I stood facing the back wall of our tack shed, standing at the work bench with a bridle in my hands. The check piece was broken, and I’d bought a replacement for it at a swap meet yesterday. Tavros, my younger brother, about shit when it broke and his horse took off.
The shed was lit mostly by the sunlight flooding in the doorway. This was an old building, so old it didn’t have electricity. So old the building had sank a good eight inches into the ground.
I heard a car pull up our gravel driveway, and I knew right away who it was. My boyfriend had said he was coming out to see me today since I was needed on the farm.
I heard his car door shut and he called my name.
“In here!” I shouted. Moments later his frame shadowed the doorway.
“Good afternoon,” he grinned.
I crossed the room and hugged him, placing a chaste kiss on his cheek. “Afternoon.”
“What are you up to?” He asked as I separated from him.
“Oh, same old,” I replied, “fixing this, mending that, swearing at cows.”
He laughed a little, and I noticed the smile he’d shown up with hadn’t gone away.
“What’s new with you?” I asked.
“Oh, well, I’ve spent the better part of my morning at work,” he answered.
That explained a lot. He and Meulin Leijon were coworkers, and she was always contagiously happy.
“Rufioh! Can you, uh, help?” Tavros projected his voice so I could hear it through the hundred year old wall. He was supposed to be feeding his 4-H bottle calf in the building attached to the back of this one. Leave it to him to get into trouble.
“Coming,” I called back, and motioned Horuss to fallow me.
Tavros was sitting on the ground, straw in his mohawk, out of his wheelchair when I opened up the calf shed. His heifer, only about a week old, was asleep with her head in his lap. My steer was laying in the straw not far away. Both of them were White faced Herefords, brown with white faces just like their name.
“How’d you get out of the chair, dude?” I huffed, shooing the calf away from my brother.
“I did it on purpose. I wanted to hold her,” he said, sort of hesitant. He was lucky he was light enough I could lift him without help. His calf came hopping back over on knobby knees. She shoved her head in to Tavros’s limp leg for more treats or milk or whatever. He reached over and scratched her head.
“She’s yours?” Horuss asked, standing in the doorway. He was a city boy. Livestock sort of scared him.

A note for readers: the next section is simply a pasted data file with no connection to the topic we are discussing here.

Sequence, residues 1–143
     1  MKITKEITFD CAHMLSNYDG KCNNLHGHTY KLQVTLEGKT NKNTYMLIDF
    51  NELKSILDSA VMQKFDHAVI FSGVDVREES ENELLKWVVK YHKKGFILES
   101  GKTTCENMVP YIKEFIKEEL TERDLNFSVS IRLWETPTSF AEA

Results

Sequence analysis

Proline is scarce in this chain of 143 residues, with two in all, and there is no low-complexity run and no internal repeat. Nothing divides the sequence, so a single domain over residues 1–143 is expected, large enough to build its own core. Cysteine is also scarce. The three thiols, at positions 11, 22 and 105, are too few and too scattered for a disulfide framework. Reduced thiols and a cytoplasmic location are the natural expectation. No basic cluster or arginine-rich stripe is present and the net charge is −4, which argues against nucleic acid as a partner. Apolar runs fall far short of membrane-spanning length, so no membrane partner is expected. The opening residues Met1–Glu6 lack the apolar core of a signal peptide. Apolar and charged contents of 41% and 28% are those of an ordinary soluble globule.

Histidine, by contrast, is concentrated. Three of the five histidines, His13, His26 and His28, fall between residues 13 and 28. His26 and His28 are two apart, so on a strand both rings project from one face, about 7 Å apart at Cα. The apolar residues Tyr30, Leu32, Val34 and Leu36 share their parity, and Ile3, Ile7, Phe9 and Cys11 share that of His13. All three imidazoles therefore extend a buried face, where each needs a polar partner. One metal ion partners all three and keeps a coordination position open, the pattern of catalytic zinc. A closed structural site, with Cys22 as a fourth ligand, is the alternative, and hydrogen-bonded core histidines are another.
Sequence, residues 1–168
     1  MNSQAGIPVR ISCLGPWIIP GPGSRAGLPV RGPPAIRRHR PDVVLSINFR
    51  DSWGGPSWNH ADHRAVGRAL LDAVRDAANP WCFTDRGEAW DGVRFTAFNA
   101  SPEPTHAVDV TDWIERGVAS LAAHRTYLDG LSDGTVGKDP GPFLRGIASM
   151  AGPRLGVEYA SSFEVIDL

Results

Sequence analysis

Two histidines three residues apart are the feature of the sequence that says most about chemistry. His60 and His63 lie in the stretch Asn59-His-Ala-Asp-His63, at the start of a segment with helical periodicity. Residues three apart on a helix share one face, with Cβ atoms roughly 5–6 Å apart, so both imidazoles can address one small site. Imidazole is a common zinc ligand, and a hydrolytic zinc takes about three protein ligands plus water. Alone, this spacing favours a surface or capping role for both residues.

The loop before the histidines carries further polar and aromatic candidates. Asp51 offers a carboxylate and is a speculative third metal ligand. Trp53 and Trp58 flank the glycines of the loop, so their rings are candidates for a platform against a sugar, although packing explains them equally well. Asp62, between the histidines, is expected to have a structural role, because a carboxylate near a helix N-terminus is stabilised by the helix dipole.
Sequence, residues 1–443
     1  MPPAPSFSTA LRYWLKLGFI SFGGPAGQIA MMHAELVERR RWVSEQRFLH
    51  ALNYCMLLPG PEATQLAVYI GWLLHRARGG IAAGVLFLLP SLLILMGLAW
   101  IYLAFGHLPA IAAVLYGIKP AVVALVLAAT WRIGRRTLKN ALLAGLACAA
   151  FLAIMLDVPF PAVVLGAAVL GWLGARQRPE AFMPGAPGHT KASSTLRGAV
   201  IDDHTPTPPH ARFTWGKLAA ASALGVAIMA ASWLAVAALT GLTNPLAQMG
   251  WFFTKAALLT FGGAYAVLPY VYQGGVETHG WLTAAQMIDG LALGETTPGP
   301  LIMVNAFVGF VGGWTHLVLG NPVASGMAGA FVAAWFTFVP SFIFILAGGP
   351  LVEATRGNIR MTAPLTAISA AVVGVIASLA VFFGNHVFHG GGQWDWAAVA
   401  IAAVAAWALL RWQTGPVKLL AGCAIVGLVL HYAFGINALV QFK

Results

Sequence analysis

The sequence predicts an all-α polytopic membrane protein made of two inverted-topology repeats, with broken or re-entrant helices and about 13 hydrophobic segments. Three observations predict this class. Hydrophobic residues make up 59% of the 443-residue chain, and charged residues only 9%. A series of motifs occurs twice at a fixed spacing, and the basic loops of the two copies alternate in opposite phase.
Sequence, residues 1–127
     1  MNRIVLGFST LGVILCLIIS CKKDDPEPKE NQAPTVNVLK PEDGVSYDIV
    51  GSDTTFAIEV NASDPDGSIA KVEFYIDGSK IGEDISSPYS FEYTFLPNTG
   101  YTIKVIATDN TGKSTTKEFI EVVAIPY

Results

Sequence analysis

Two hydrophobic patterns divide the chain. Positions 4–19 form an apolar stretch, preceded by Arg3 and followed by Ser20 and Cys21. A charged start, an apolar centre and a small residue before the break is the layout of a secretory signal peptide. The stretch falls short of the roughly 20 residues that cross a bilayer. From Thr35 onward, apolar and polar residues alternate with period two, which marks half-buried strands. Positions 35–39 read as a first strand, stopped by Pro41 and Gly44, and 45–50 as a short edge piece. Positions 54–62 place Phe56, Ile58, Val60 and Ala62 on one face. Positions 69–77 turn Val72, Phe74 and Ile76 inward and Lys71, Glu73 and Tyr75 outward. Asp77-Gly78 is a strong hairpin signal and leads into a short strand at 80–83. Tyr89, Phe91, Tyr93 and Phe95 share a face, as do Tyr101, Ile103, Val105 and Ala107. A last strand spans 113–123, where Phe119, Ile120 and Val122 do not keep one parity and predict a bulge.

“Yeah, her name’s Tinker Bell,” Tavros said sheepishly. He was proud of his cow, but he hadn’t spent much time around Horuss. He had always been a shy kid.
I smirked, “more like Tinkerbull.”
Tavros didn’t reply, frowning. He didn’t much like my teasing.
Horuss took a few steps into the room. Shyly, he reached out to touch the heifer with just his fingers. When she didn’t protest, he pressed his palm on her and petted her in earnest. “What’d you name yours, Rufioh?”
“He doesn’t have one,” I shrugged.
“I call him Peter,” my brother ducked his head. “Like as in Peter Pan?”
I rolled my eyes. “Dude, he’s a market steer, don’t name him.”
“I can’t help it, not really, I can’t,” Tavros muttered. He scratched his cow behind her ear and she was loving it.
“You sell them?” My boyfriend asked, looking up.
“I do, yeah. Dad lets Tavros bring his home though,” I answered.
“I’m lucky,” Tav added, “my dad lets me tag my cows with special tags. So we can set them apart when the other cows go uh, well, to, you know.”
“You good, little brother?” I asked. He nodded, shoving his wheels out of the ruts in the straw. The three of us left the shed. My brother had other chores to do so he left us right away. Horuss and I returned to the workbench.
He liked horses. Him and his little brother both, and he was interested to know how the bridle worked. I showed him a little about bits, the metal part that goes in the mouth. Then I talked a little about brow bands and types of reins.
“Rufioh, I don’t you don’t much like to talk about it, but could I ask about Tavros’s accident?” He asked, sort of suddenly. He still the screwdriver in his hand and he fumbled with it before he got the Chicago screw set correctly.
“Sure,” I muttered, straightening my posture, “if you really want to know.”
“You don’t have to tell me,” he urged, but I shook my head.
“It helps to talk about it,” I told him, “besides, it was years ago.”
If he wanted the story, okay. Besides being a little on edge about it still, I didn’t have any objections.